Boycott Shell? Probably Not

by Charles C. W. Cooke

This story is doing the rounds, and has prompted a good number of “Boycott Shell!” calls. From the Nashua Telegraph:

When Shannon “Bear” Cothran was threatened by a knife-wielding robber on Monday morning, he didn’t think twice about what to do.

Cothran, who was working after midnight at the Shell gas station at 301 Main St. in Nashua, pulled out his Ruger LCP .380 handgun.

The robber turned and walked out the door, and Cothran called the police, bringing a swift end to the robbery attempt.

Cothran believes his decision to carry a firearm might have saved his life Monday morning. But the owners of the gas station took a different view.

Cothran says he was fired only a few hours later for violating a company policy that forbids store clerks from carrying guns.

Structurally at least, this strikes me as the perfect outcome for advocates of liberty. The Second Amendment, which codifies a negative right that protects the citizenry from the government, ensured that Cothran was not prosecuted for defending himself; and his employer, which should be allowed to set the rules in its own store, fired him for breaching those rules — which it was entitled to do. As Cothran said, he was not forced to work in the gas station (which does change the equation, I think):

“I can find another job,” he said. “A paycheck’s a paycheck. I don’t really care where it comes from. I cannot justify in my mind trying to save my job at the risk of not ever seeing my family and friends again.”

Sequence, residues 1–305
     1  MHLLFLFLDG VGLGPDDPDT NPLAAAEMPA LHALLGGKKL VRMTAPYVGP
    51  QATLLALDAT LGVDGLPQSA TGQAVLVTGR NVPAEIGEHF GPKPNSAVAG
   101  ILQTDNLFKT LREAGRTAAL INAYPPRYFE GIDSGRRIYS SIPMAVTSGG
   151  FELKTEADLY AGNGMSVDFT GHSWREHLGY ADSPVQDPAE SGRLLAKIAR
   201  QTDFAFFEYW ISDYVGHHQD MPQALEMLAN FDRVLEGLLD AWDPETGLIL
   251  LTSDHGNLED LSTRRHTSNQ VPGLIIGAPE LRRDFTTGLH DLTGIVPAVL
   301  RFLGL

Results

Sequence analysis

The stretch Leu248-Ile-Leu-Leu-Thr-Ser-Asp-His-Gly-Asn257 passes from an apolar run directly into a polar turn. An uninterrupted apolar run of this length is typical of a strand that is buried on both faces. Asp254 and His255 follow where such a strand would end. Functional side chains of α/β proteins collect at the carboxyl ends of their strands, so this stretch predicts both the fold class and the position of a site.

I have seen people saying that the behavior of the employer was outrageous because Cothran has a “Second Amendment” right to bear arms. This is true, but it misses the point in the same way as do people who say that they should face no private consequences for their speech. If you start shouting and screaming at your boss, there is nothing that the government can do about it because you are protected by the First Amendment. But your boss can fire you for doing so. Certainly, this case raises the question of whether it is good practice for employers to prevent their employees from carrying guns at work. This depends on the case. But it doesn’t change the basic fact that property rights are more important than pretty much everything else, and that employers should be allowed considerable latitude to set their own rules. On this one, I’m pretty much on all sides: The employer was within its rights to fire the employee and its right to do so should be protected; the Second Amendment is a beautiful thing that recognizes a basic human right; and I understand why people are angry that the employer has decided to leave its employees defenseless in what can be a dangerous job.

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